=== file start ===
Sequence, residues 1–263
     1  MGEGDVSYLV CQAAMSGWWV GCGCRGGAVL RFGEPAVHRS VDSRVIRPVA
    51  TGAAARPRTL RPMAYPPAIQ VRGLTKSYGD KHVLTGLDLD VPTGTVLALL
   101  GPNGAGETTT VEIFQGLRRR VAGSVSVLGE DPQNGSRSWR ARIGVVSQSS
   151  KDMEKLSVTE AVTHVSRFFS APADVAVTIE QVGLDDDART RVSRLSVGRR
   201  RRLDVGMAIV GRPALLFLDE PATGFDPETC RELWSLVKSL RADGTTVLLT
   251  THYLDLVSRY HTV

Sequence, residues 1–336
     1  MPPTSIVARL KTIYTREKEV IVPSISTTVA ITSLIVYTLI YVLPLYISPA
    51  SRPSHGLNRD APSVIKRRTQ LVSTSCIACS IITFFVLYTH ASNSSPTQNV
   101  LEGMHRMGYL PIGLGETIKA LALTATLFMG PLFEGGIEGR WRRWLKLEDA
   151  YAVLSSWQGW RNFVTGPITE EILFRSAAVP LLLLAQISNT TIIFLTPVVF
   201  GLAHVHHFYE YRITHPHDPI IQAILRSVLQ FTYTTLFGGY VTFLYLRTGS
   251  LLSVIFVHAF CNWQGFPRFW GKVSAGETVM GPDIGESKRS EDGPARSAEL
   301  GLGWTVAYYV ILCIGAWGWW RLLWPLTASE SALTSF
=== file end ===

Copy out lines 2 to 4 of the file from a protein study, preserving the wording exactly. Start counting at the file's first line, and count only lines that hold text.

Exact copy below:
     1  MGEGDVSYLV CQAAMSGWWV GCGCRGGAVL RFGEPAVHRS VDSRVIRPVA
    51  TGAAARPRTL RPMAYPPAIQ VRGLTKSYGD KHVLTGLDLD VPTGTVLALL
   101  GPNGAGETTT VEIFQGLRRR VAGSVSVLGE DPQNGSRSWR ARIGVVSQSS